Several weeks ago, lisa Miller's Washington Post column addressed the relationships between generosity and religion. As we at UUCA consider how we each can support the church in the coming year, her research and observations are relevant. The theme of the column is that giving is about acknowledging our connections and shared responsibility.

To me, that's what stewardship is all about.

"Giving," she writes, "forces you to recognize...that you're responsible for other people....When you lay down your money, you say, 'This (church, child, environmental hazard) is my problem.'" She quotes Rabbi Sharon Brous: 'What draws people into relgious life is that desire to be more than you would otherwise be." Americans overall give between 2% and 3% of their income to charity, according to the Philanthropy Roundtable. Newt Gingrich, with an income of $3.1 million, gave 2.58% in 2010; Barack Obama, with an income of $1.7 million, gave 14% in that year. Mitt Romney gives 10% to his church alone. I don't make millions--not by a long shot--but I want to be more generous than Mr. Gingrich. And for me, UUCA is so much at the center of my life that it beckons me to support it more generously than I do other charitable causes or a lot of other aspects of my life.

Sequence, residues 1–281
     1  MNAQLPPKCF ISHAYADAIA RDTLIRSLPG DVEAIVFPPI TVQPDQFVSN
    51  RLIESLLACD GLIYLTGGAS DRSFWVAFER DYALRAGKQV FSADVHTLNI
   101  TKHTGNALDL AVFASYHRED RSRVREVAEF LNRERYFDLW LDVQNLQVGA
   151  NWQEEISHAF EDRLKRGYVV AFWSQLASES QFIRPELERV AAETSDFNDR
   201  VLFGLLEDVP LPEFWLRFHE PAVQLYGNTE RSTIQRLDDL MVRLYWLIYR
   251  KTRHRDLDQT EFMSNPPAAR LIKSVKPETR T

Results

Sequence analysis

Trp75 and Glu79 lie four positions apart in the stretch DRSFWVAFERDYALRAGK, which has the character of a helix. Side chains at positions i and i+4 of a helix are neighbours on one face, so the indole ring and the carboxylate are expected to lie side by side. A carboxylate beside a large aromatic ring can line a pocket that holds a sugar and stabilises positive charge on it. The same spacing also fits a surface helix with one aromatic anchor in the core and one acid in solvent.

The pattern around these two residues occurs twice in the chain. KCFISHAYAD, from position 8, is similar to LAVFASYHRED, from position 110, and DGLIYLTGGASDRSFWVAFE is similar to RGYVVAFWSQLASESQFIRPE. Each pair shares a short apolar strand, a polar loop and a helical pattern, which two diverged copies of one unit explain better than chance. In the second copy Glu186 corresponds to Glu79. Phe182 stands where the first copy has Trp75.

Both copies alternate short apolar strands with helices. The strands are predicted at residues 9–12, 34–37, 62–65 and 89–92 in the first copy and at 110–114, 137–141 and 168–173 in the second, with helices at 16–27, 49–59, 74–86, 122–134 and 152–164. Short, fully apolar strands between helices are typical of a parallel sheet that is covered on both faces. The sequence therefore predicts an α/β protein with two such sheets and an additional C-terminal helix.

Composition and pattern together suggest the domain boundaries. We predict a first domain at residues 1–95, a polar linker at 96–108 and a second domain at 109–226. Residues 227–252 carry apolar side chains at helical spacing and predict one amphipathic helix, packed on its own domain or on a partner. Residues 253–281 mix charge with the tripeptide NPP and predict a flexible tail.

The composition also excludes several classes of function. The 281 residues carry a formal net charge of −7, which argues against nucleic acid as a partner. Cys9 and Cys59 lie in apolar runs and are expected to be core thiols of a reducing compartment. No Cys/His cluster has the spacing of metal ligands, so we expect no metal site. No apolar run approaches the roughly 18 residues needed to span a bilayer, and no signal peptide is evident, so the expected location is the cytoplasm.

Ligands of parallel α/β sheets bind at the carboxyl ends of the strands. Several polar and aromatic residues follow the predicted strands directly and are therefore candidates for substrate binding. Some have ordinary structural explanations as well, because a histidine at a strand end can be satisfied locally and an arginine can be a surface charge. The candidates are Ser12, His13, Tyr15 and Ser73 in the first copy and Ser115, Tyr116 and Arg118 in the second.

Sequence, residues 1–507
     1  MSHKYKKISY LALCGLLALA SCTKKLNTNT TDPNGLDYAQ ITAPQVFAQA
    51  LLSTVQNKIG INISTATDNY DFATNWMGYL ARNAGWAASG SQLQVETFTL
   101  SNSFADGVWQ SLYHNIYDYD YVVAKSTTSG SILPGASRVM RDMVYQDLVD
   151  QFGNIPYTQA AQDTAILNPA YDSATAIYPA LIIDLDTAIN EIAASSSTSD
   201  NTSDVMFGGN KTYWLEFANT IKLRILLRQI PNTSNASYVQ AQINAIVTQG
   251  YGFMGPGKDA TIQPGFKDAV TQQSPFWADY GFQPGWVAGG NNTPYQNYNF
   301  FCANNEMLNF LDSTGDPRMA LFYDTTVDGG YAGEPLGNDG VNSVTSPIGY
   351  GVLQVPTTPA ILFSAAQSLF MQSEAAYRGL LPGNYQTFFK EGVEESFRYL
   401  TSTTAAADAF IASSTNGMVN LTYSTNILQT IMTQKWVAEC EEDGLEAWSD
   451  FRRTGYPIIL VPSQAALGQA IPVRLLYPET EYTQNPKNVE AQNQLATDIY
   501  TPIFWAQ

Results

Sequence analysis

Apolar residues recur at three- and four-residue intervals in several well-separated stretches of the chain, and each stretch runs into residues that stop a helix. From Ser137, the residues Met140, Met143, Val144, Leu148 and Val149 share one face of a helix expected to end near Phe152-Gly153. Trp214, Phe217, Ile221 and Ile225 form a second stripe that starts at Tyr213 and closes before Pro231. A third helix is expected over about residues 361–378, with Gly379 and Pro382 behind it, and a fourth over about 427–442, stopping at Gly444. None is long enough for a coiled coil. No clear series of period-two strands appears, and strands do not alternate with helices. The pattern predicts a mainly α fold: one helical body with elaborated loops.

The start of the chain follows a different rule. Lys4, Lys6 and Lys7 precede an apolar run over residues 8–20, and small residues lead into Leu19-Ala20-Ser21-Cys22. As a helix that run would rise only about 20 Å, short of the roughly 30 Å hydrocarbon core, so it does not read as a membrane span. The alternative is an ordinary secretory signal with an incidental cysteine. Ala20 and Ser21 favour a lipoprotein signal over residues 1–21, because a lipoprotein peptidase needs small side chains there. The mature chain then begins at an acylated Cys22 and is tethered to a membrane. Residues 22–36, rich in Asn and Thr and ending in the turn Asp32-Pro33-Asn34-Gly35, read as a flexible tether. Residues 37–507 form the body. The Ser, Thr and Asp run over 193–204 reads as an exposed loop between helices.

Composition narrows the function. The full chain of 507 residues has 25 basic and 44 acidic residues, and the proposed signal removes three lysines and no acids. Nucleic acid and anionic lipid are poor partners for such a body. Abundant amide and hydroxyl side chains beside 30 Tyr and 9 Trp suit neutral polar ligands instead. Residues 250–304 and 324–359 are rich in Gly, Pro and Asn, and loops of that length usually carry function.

I DID come to UUCA in the hope of becoming more than I would otherwise be. Rabbi Brous's assertion resonates with me. Does it with you?

We all have different reasons for becoming a part of this church community. Yet in talking with congregants over the past few weeks, I have heard a common theme about how the "values" of the church are important to us as individuals and to our community both within and outside of the church. I have also heard that most people want more from the church, not less. Well, if we WANT more....

These conversations are reinforcing for me the notion that our needs and our obligations are connected with one another's. They suggest that we know we have shared responsibility and shared opportunity to make a difference in the world. I believe that UUCA is worth committing to. I want to see this community grow in strength and in ability, not shrink. And I want to become a generous person. I want to be a steward of UUCA.

What does stewardship mean to you?

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Comment by John L. Bohman on March 27, 2012 at 10:42pm

We ask each other to be stewards of our faith community.  We express our generosity of spirit in both time and treasure; neither is a substitute for the other.  Our mutual support sustains us, and allows us to be the congregation we are becoming.  Our generosity expresses our commitment to the love that binds us together.  


Comment by Rev. Carlton Elliott Smith on March 15, 2012 at 9:45am

Thank you for this, Diane ... again, I affirm the importance of considering generosity relative to one's means rather than in terms of a dollar amount. The person who gives 10 percent of their $25,000 income is actually more generous than the one who gives three percent of $200,000, though the dollar amount on the latter is greater. I would point out that the root of "generous" is the same as gene, genesis, and genius, and has to do with the bringing forth of life. When we contribute in a generous way, we manifest things that we hope for, but cannot see in the present moment.